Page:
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Peter followed Jesus but missed the point

Along the way to Caesarea Philippi Jesus quizzes the disciples with two questions; Who do people say I am; the second one is more challenging: Who do you say I am? 

 After reporting what people are saying, Peter shows he has understood everything and, on behalf of the others, proclaims: “You are the Messiah,” the Christ, the saviour spoken of by the prophets and that all the people are waiting. 

It is hard to find a more appropriate response. In the gospel of Matthew the pleasing reply of the Master is also remembered, “It is well for you, Simon Bar-Jona, for it is not flesh or blood that has revealed this to you, but my Father in heaven” (Matthew 16:17).

To Peter’s response follows the strict imposition of silence. Jesus does not want the news about his messianic identity spread around (vv. 27-30) and the reason for keeping the secret is clear: Peter gave a precise definition only in form, in fact, the idea he has in mind is totally distorted.

He continues to be convinced that the Master will soon begin the kingdom of God on earth and thinks that this will be implemented by ostentatious display of power, through signs and wonders that will require the attention of all. 

They have not realised that from the beginning, the Master considered the proposal to take power and to present himself as a ruler of this world diabolical (Matthew 4:8-10).

The misconception is total and for Jesus the time to correct this dangerous mistake has arrived. He should make very clear what is the goal of his journey, explaining how the Father will fulfill in him his work of salvation.

 In the second part of the passage (vv. 31-33), Jesus begins to teach his disciples that the Son of Man must suffer many things. 

He is not bound to succeed, but to fail; that he will not triumph over those who oppose his plan, but he will be defeated. He does not go to Jerusalem to scare off his enemies, but to give them his life.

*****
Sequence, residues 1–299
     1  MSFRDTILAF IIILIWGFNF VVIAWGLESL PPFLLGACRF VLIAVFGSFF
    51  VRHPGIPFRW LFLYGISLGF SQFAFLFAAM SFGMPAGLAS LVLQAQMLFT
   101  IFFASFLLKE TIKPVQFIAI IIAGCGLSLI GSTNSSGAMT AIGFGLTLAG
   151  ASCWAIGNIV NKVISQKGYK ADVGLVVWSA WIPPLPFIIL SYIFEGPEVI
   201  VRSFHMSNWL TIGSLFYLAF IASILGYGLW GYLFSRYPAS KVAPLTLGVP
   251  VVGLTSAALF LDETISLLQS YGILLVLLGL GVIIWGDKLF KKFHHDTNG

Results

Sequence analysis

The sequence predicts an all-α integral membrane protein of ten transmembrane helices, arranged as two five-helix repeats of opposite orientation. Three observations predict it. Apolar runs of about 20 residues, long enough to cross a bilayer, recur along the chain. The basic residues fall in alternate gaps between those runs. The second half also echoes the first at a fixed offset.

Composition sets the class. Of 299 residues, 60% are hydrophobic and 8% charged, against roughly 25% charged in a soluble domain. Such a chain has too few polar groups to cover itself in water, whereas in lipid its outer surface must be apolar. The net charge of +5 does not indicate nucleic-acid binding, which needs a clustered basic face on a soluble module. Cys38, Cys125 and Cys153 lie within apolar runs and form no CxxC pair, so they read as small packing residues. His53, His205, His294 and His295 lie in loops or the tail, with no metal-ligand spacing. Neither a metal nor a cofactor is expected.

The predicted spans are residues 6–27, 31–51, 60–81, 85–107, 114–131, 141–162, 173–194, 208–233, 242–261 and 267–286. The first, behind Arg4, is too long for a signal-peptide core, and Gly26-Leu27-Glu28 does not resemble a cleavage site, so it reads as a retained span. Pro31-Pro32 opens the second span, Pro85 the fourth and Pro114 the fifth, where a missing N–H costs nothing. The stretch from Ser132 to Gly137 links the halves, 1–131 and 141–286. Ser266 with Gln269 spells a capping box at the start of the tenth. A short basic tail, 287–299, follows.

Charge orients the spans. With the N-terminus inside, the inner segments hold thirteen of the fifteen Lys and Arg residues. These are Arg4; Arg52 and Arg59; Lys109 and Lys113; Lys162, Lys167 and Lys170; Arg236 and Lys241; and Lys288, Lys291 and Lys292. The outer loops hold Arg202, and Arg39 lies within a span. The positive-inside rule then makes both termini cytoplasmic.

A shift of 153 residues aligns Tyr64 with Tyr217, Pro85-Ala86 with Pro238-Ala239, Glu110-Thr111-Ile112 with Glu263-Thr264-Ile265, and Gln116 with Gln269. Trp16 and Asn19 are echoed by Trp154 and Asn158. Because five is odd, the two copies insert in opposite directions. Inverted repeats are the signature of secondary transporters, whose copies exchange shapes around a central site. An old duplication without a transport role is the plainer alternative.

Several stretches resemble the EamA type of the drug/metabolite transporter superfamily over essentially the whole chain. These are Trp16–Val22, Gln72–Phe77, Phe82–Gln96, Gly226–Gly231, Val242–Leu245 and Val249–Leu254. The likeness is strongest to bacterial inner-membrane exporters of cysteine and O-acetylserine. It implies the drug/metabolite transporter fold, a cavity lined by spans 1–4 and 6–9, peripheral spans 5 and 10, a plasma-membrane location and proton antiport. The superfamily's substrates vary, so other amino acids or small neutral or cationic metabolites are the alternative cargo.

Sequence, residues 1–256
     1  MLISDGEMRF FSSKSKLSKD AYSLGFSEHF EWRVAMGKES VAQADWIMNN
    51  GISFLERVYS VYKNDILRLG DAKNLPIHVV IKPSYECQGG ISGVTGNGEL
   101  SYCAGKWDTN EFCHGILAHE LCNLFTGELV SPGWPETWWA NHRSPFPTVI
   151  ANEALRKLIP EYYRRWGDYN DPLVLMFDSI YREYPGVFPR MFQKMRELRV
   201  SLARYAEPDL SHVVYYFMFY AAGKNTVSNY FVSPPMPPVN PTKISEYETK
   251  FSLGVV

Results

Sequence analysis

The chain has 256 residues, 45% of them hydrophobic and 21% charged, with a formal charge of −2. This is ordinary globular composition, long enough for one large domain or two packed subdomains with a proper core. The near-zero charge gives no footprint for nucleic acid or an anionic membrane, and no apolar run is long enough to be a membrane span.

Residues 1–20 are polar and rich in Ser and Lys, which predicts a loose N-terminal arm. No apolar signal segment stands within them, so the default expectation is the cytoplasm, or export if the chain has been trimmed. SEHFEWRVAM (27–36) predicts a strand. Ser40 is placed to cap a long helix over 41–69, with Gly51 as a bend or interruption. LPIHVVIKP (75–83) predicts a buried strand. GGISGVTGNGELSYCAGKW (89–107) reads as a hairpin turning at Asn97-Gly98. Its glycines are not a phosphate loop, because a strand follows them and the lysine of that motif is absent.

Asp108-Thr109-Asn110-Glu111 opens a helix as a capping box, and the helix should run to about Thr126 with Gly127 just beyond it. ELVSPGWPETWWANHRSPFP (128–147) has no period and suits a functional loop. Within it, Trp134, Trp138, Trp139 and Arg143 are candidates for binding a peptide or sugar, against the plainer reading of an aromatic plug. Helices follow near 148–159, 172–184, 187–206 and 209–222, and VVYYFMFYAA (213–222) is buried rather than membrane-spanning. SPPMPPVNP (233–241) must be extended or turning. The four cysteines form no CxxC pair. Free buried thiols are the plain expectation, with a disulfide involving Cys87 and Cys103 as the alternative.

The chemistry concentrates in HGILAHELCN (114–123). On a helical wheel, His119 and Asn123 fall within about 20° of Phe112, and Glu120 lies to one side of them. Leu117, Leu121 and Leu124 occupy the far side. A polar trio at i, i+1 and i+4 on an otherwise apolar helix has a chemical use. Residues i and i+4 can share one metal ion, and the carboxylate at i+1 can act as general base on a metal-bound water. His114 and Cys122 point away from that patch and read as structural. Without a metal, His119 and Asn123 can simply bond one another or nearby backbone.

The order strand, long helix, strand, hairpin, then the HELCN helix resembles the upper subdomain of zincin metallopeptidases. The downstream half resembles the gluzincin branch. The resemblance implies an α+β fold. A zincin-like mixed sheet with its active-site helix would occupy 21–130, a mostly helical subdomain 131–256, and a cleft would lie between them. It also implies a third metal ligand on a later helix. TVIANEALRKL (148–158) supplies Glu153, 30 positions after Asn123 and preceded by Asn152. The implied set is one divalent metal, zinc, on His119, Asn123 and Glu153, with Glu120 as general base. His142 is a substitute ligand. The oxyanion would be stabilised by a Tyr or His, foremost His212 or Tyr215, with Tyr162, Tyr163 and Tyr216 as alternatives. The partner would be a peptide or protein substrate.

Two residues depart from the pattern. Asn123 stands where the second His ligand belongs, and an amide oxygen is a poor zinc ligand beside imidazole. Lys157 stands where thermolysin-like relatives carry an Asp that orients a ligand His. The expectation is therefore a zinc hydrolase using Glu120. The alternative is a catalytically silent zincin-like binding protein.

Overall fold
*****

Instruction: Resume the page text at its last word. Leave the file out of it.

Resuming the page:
The disciples can neither understand nor accept the prospect of the gift of life. It is not for this that they left the house, the boat, the family to follow the Master. Where does he want to lead them, to ruin, to defeat?

Jesus does not withdraw a word, in fact, two more times he repeats, “The Son of Man will be delivered into the hands of men. They will kill him” (Mark 9:31); “You see we are going up to Jerusalem, and the Son of Man will be condemned to death. They will make fun of him, spit on him, scourge him, and finally kill him” (Mark 10:33-34). 

This latest announcement is particularly dramatic because it lists, in detail, almost pedantically, the six works that make up the human response to God who comes to meet him to offer him salvation.

A seventh will follow: “Three days later he will rise” (Mark 10:34), but this will be the work of God.

Human logic cannot but be upset in front of such a prospect. In fact Peter, on behalf of all, reacts (vv. 32-33), not for fear of sacrifices, we know that he would be willing to risk his life if necessary (John 18:10), but to win, not to lose. 

He does not feel like committing himself to an absurd project. He cannot accept to walk a road that leads to failure, that is why he tries to make the Master change his mind.

Jesus’ response to Peter, who wants to turn him from his way is tough.

Peter made the mistake by putting himself ahead of the Master. Moved by his religious beliefs, he felt compelled to show him the way. Jesus invites him to return to his place—behind—and to follow in his footsteps.

He calls him satan because, having absorbed the thoughts of men, which makes him blind and unable to understand the will of God (Wisdom 2:21-22), he suggested to the master, without even realising it, choices opposite to those of the Lord. 

The apostles received from Jesus the strict injunction not to disclose his identity. If we do not verify, in the light of the words in today’s gospel, the reasons why we proclaim ourselves Christians, he could also strictly impose silence to many of us.

Father Fernando Armellini cmf